(HN, December 23, 2010) - The entry into force of the International Convention for the Protection of All Persons from Enforced Disappearance is being hailed as a milestone event in the fight to prevent and eradicate disappearances.
"It is an important achievement in the struggle against a cause of indescribable fear and sorrow for hundreds of thousands of people worldwide," said Olivier Dubois, deputy head of the Central Tracing Agency and Protection Division of the International Committee of the Red Cross (ICRC). "This convention will certainly contribute to greater protection against enforced disappearance. States that are party to it must implement it into national law. They must put it into practice and make enforced disappearance an offence under their national criminal law."
Enforced disappearance is a crime under international human rights law and – when it occurs in war – under international humanitarian law. The convention contains a series of measures to prevent forced disappearances.
For example, it requires that any person deprived of liberty must be registered by the detaining authority. It also enshrines the right of any victim to know the truth about the circumstances of an enforced disappearance and the fate of the disappeared person. The convention also requires suitable criminal sanctions to be taken against persons who commit enforced disappearances. As of today, the provisions of the treaty are legally binding on the first 20 States that have ratified or acceded to it.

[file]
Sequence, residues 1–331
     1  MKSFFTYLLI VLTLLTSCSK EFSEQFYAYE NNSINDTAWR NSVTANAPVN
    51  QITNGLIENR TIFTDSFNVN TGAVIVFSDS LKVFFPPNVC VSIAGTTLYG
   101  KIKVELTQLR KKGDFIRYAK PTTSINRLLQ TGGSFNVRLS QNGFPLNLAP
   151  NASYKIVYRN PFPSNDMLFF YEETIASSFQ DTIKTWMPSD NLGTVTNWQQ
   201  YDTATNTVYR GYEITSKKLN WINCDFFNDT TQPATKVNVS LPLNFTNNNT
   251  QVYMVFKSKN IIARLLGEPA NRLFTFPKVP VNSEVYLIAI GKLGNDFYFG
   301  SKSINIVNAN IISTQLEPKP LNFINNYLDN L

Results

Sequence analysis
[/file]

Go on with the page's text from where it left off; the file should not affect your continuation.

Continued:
Iraq, which acceded to the treaty 30 days ago, triggered the entry into force. Tens of thousands of people in Iraq are still hoping to receive news of their relatives who have gone missing in the country since the 1980s.
The other signatories as of now are: Albania, Argentina, Bolivia, Burkina Faso, Chile, Cuba, Ecuador, France, Germany, Honduras, Iraq, Japan, Kazakhstan, Mali, Mexico, Nigeria, Paraguay, Senegal, Spain and Uruguay. It will also be binding on Brazil as of 29 December 2010.
In every situation of armed conflict or internal violence, people disappear. In Bosnia and Herzegovina, to mention just one other example, the fate of more than 10,000 people who went missing during the conflict in the early 1990s remains unknown.
Despite its illegality in international law, Human Rights Watch said world governments "routinely" fail to investigate accounts of disappearances.
"Putting this landmark treaty into effect is immensely important, but to end this practice, every country is going to have to recognize that it may never abduct people and hide them away," Aisling Reidy, a legal adviser for the rights group, said in a statement.
The ICRC works around the world to prevent people from going missing, to help clarify what happened to those who do disappear and to support the families of missing persons. The ICRC has also actively supported the process of drafting the convention and is committed to achieving its widespread ratification and implementation.
- HUMNEWS staff, ICRC, UN